As for the practicalities of introducing a weak dollar policy, the Plaza Accord of 1985 under a Republican administration is the last such example. However, it was coordinated with key trade partners and monetary policy was moving in a supportive direction. Replicating such an Accord would be a gargantuan task. The other precedent of sorts is the Nixon shock - again under a Republican administration. This was a unilateral move and involved both a currency devaluation and the imposition of import tariffs.
However, the better reference points may actually be emerging markets. They have pursued weak currency policies without coordination and often at odds with domestic monetary policy. Admittedly, the presence of capital controls makes it easier to separate FX and monetary policy (thereby overcoming the so-called Triffin dilemma).
The success of its policies has often hinged on the scale of their interventions whether through direct currency intervention or sovereign wealth fund purchases of foreign assets. One study featuring 133 countries over the past 30 years found that such state-directed outflows were a significant positive driver of the current account (i.e. pushed it into surplus)9. An IMF study featuring 52 countries (13 advanced and 39 emerging) from 1996 to 2013 found that currency intervention had a larger and more significant impact on exchange rates than interest rate differentials10.
It should be noted that Japan, which has been the most active G7 intervener in currency markets, has typically engaged in sterilised intervention. That is, intervention that would not affect domestic money supply (and so not impact monetary policy). Studies have shown that Japanese intervention has at times been successful even though it was sterilised. Moreover, one study by former Deputy Vice Minister of Finance for International Affairs, Taktatoshi Ito, showed that FX intervention over the 1990s, which was predominantly uncoordinated with other countries, resulted in a profit of JPY9 trillion ($75 billion). This showed that the MoF was buying USD/JPY at the lows and selling at the highs11. Therefore, there could be nothing to stop the US engaging in FX intervention to weaken the dollar. " - source Nomura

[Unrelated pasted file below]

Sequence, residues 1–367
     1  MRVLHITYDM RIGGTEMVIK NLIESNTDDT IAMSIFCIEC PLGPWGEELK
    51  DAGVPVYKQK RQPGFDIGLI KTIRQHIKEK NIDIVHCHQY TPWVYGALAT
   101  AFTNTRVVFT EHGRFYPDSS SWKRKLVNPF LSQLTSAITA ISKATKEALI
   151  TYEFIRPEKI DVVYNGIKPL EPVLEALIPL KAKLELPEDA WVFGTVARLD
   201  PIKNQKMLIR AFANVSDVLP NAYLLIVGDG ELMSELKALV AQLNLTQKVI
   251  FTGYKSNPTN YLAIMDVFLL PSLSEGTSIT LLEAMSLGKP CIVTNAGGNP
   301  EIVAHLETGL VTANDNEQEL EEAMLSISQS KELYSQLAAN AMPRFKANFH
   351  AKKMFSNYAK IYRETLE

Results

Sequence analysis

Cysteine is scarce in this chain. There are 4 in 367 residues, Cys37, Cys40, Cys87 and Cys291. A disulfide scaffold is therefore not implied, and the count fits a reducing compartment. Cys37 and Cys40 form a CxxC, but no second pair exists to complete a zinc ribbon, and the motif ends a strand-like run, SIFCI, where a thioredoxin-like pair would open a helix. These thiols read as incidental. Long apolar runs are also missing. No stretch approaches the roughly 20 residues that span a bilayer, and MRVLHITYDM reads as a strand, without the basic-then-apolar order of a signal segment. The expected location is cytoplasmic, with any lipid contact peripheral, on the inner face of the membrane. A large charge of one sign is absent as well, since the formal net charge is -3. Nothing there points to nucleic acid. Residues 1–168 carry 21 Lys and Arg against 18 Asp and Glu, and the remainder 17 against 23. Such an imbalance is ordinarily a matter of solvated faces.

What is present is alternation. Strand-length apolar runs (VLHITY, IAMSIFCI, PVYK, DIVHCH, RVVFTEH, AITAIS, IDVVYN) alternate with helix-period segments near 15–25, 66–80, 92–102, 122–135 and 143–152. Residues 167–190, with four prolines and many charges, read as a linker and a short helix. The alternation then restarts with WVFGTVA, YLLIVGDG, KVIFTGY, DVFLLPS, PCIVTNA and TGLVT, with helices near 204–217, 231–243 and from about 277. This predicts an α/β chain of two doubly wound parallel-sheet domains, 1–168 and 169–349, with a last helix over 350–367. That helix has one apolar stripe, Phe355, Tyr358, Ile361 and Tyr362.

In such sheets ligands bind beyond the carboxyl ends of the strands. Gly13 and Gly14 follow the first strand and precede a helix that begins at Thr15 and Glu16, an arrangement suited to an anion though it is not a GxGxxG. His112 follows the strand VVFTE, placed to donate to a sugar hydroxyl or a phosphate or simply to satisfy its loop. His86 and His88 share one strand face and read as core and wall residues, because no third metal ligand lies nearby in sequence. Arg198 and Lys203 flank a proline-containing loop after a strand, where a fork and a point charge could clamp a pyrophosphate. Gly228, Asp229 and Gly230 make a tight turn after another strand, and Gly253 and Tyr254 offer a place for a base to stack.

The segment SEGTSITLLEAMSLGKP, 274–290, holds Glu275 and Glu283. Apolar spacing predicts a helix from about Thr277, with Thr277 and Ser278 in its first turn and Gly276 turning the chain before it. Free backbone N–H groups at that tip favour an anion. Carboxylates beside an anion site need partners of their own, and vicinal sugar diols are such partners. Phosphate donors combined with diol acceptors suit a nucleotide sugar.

It appears that from a "Mack the Knife" perspective, it will be rather binary, either we are right and the consensus is wrong thanks to the Woozle effect, or we are wrong and then there is much more acute pain coming for Emerging Markets, should the US dollar continue its stratospheric run. From a contrarian perspective we are willing to play on the outlier.
What appears to be clear to us is that the Woozle effect from a central banking perspective has been fading as shown below in our final chart.
Final chart - The central bank "put" has been weakening
What has clear in recent months has been rising signs of the Woozle effect fading when it comes to central banks credibility. With rising populism, which in recent ways has been driven by central banking interventionism, there are growing indications that the cosy relationship between politicians and central bankers is getting tested. Our final chart comes from Bank of America Merrill Lynch European Credit Strategist note from the 9th of January entitled "Yielding to populism" and displays how the central bank "put" has been weakening:
"Yielding to populism